Paul Glennie, Nigel Thrift. Shaping the Day: A History of Timekeeping in England and Wales, 1300-1800. Oxford: Oxford University Press, 2009. xiv + 456 pp. Illustrations, maps. $70.00 (cloth), ISBN 978-0-19-927820-6.
Reviewed by Hilary M. Carey (University of Newcastle)
Published on H-Albion (September, 2009)
Commissioned by Margaret McGlynn
The Coming of the Clock
This book is something of a curiosity. Glennie and Thrift have set out to write about “clock time” as it slowly became an everyday practice in the early modern era. This might seem to be a fairly straightforward business, but the authors have actually engaged in a polemical project. In writing this history (the first, so they say) of clock time they eschew all diversions into larger philosophical, anthropological, and historiographical speculation: this is a book about clock time as “everyday practices, rather than as technologies or disciplines” (p. 53). In its place, they have aimed to create a dense historical ethnography of clock time out of which new knowledge about a central aspect of modernity can rise up. The shadow of E. P. Thompson’s “Time, work discipline and industrial capitalism” and its assumption of the use of the clock as a central instrument of the capitalist management of time hangs over this study. How, the authors set out to demonstrate, did we become enthralled to a mere device?
There are many fine things about this book, and they deserve to be highlighted first. Above all, there is the rich diversity of data, much of it newly unearthed for this volume. After two chapters discussing debates about clock time, this bounty begins in chapter 4, which considers the use of the clock in a single location, the city of Bristol, which has the advantage of having a rich archival record over the whole time span of the book, and to have been burdened with neither a sudden leap into prominence like other major British industrial cities, nor a decline into modern torpor. Clock time in Bristol was used to regulate the working day, typically 6 am to 6 pm for artisans as well as factory workers from the middle of the eighteenth century. The central place of clock time in the consciousness of Bristol people is reflected in other sources, trawled by Glennie and Thrift: probate inventories show that clock ownership was widespread across all classes of Bristol society. It is intriguing that more clocks were to be found in kitchens than in parlors, dining rooms, and bedrooms. Bristol was also a place (though not a particularly important one) where clocks were made or assembled, where public clocks were installed in new sites such as post offices as well as traditional ones such as churches. By the late seventeenth century, there would appear to have been an explosion of private clock and watch ownership, and an insistent intrusion of the measured hour on general consciousness. From Bristol, the next chapter expands to examine the provision of clock time throughout premodern England. Churchwardens’ accounts are used to compile maps of parishes where church clocks were installed and maintained. There are more tables showing the number of people who included clocks as part of their probated wealth, and maps showing where the clockmakers lived.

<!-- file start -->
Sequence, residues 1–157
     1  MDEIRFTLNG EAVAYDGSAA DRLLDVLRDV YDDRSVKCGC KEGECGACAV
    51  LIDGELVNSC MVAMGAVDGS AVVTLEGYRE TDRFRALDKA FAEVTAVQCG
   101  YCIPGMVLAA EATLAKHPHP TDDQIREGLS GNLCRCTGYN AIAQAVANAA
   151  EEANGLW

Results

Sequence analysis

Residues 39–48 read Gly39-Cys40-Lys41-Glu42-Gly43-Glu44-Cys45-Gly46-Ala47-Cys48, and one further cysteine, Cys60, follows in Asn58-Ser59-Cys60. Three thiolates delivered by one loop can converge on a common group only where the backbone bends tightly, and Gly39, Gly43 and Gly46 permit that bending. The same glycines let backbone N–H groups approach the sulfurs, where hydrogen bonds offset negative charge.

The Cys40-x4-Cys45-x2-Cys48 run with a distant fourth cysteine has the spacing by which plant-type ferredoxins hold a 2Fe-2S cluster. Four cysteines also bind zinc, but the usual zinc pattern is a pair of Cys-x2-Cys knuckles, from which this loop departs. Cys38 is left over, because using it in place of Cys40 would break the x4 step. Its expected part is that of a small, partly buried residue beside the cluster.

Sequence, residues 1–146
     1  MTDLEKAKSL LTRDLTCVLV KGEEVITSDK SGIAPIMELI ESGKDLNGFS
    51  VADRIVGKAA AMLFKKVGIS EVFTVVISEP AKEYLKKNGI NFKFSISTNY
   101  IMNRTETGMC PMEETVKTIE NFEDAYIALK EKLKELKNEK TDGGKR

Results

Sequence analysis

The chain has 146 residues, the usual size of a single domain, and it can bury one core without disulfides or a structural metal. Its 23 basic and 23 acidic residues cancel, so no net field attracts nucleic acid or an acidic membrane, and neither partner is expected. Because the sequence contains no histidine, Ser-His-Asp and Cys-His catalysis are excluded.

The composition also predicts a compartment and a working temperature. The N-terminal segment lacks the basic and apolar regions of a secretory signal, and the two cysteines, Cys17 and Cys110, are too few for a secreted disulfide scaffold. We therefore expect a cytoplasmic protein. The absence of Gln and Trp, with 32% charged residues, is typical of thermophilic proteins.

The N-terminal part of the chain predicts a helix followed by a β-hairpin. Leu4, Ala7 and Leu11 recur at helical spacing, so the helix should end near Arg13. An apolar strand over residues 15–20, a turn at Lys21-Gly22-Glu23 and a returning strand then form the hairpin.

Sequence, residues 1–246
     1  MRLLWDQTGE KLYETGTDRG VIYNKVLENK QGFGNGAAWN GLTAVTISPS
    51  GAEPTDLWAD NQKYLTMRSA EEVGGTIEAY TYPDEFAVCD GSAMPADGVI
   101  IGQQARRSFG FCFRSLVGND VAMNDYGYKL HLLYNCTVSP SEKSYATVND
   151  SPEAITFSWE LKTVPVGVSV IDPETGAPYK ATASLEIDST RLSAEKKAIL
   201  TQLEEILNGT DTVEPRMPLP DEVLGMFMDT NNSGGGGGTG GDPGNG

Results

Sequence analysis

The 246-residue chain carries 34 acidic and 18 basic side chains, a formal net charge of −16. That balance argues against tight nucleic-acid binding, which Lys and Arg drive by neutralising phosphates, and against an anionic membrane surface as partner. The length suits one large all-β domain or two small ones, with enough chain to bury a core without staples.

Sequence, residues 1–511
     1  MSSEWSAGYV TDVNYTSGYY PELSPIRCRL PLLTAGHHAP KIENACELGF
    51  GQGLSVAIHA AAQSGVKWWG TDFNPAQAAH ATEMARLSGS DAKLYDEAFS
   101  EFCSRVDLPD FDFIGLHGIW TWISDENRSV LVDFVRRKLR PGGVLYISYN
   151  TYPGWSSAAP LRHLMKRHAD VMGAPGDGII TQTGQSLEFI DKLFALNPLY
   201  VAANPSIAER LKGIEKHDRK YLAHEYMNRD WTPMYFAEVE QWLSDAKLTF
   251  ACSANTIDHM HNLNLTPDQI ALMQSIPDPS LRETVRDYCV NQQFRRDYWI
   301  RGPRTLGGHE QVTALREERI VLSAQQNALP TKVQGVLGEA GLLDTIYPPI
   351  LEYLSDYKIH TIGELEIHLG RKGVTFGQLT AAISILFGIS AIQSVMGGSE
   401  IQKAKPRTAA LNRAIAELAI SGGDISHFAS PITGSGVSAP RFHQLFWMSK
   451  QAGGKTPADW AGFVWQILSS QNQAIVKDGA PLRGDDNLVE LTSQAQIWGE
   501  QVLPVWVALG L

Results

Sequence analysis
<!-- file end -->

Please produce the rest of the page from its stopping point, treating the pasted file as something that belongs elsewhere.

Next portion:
The overall picture of a society in which the clock was becoming an everyday object of private and public knowledge is demonstrated in the fascinating series of vignettes which attempt to chart the use of the clock in everyday life. From the sixteenth century, diarists, astrologers, and housewives increasingly charted their day with the clock. While the need of astrologers to observe times of birth, death, illness, and other significant moments in order to answer client’s queries is clear enough, it is less obvious why John Dee, Simon Forman and Robert Hooke made a habit of noting the clock times of sexual intercourse. Merchants and schools are other venues for the triumph of the clock. Here I felt the need for some longer discussion of what has generally been seen as the major medieval transformation of the telling of the hour, from the "natural" or unequal hours of the monastic day, to the precision of equal hours. Jacques Le Goff characterized this as the shift from church time to merchant time and, like Thompson, linked the development to the rise of capitalism. It is important to recognize that the clock was just one of a very wide range of instruments and tables which could be used to determine the equal hours, or translate the unequal hours of the church into the equal hours of the merchant and astronomer.